Under the previous bill, certain industries were slated to receive 100% free credits in the first year of the program. Each year after, they were to receive a gradually-decreasing amount in line with annual cap reductions.
The new allowance scheme is more complex, and more uncertain. Facilities will receive 95% free credits for the first three years. Every subsequent year, they will be allocated free credits at a rate equal to 95% of their expected output based on the “best available technology” in their industry, so that facilities relying on more outdated and inefficient technology will have to pay more. That way, companies will be financially incentivized to adopt less emission-intensive technology.
Prior to this change, companies had complained they were not being rewarded for implementing best practices in the absence of a cap-and-trade program, Powers said.
It’s unclear, however, exactly how this “best available technology” metric will be defined, and the state only plans to update technology standards every six years.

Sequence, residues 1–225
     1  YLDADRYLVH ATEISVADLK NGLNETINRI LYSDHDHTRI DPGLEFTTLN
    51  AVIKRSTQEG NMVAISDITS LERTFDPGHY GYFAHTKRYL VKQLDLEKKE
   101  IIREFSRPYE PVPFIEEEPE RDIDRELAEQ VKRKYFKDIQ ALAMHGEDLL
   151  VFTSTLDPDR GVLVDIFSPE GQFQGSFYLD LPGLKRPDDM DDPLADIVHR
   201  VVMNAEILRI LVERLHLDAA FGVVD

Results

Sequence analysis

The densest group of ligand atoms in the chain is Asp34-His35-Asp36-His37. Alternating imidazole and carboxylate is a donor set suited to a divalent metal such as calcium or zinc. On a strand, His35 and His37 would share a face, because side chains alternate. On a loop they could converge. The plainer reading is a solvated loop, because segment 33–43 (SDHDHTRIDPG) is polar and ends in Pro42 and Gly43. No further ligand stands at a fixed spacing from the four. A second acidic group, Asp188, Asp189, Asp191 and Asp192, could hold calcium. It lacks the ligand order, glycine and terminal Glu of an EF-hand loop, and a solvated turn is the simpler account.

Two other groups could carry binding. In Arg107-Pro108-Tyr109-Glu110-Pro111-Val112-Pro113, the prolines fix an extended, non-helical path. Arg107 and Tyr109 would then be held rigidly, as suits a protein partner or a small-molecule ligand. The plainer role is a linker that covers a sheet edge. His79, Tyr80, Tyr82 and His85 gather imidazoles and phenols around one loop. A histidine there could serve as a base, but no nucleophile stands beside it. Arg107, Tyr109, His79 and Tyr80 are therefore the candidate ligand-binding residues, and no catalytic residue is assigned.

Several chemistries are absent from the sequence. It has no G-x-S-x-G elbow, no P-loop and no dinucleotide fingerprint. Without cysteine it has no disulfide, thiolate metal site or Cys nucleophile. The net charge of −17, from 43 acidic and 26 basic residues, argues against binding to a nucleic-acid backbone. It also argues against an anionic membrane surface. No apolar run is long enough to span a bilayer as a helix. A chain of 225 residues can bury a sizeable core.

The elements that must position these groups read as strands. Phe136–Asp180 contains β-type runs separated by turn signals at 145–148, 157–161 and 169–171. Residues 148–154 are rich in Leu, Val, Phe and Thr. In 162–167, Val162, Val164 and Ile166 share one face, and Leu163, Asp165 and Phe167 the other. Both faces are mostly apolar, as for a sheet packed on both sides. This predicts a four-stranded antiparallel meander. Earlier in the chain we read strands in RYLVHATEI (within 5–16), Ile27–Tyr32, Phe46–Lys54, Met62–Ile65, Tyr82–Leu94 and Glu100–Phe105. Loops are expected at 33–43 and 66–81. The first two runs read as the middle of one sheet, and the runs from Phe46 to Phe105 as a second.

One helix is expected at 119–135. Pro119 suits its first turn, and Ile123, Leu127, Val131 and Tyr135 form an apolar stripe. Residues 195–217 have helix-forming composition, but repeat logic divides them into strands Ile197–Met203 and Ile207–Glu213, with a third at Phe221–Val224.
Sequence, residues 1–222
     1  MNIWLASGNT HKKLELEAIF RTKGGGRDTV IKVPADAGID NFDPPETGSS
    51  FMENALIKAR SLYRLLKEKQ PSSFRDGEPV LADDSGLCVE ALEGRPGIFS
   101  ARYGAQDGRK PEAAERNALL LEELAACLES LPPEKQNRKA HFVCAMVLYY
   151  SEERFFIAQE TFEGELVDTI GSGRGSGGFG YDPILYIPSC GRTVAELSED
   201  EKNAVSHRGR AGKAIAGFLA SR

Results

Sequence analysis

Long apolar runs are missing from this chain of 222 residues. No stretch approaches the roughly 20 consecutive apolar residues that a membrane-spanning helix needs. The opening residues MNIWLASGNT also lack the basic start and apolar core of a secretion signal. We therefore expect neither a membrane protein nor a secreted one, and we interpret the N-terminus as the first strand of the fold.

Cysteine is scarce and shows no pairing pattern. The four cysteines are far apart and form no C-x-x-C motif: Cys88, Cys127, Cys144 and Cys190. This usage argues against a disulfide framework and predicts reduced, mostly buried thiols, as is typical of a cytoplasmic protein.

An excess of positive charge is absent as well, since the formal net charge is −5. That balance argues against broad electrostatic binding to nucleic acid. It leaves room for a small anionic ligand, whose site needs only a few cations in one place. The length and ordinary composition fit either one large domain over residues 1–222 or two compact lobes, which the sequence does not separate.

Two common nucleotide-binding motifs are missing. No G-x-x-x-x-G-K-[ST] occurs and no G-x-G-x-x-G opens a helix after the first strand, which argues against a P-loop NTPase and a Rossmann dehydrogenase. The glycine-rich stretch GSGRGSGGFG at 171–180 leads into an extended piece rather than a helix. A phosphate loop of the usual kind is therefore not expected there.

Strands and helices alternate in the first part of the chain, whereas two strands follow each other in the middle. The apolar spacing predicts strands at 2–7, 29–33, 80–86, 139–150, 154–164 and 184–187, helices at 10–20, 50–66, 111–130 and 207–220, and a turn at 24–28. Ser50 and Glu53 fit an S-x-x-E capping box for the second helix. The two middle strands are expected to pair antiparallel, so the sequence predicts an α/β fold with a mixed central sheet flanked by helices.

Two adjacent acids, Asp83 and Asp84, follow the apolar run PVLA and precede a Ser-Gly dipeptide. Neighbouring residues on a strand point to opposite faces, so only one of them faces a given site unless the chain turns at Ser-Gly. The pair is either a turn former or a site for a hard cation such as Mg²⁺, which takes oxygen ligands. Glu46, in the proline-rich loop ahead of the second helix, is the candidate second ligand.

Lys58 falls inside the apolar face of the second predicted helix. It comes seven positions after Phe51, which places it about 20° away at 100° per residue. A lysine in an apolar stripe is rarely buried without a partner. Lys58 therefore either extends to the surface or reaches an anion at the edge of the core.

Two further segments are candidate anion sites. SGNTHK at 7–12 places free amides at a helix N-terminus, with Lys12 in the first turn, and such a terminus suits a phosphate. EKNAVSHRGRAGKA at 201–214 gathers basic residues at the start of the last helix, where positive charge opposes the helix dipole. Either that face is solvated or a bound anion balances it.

“If you’re really truly doing what’s best in class, you’ll be getting allowances to reflect that investment,” Powers said. “And if you’re not, you have an incentive to move to that quickly.”
3. More Specific Investment Requirements
The new bill prescribes more specific percentages for revenue investment. At least half of all funds must benefit rural low-income communities, and 10% is designated for and federally recognized Indian tribes. Revenue is also allocated to wildfire prevention and green jobs training programs.
It also provides more clarity on how revenue designated for transportation projects will be spent, something that public hearing testifiers repeatedly asked for. Grants will be distributed equally between state and local projects, with consideration given to the balance between greenhouse gas reduction and climate adaptation programs. Transportation investments must also be made in an equitable way, though the bill does not specify how this can be ensured.
4. Less Exemptions for Polluters
In response to environmentalists’ concern that too many industries were exempt from regulations, lawmakers removed exemptions for semiconductor makers, like Intel, and the particularly-harmful garbage-burning facility, Covanta Marion. The proposal now fully regulates emissions from waste incinerators and fluorinated gas.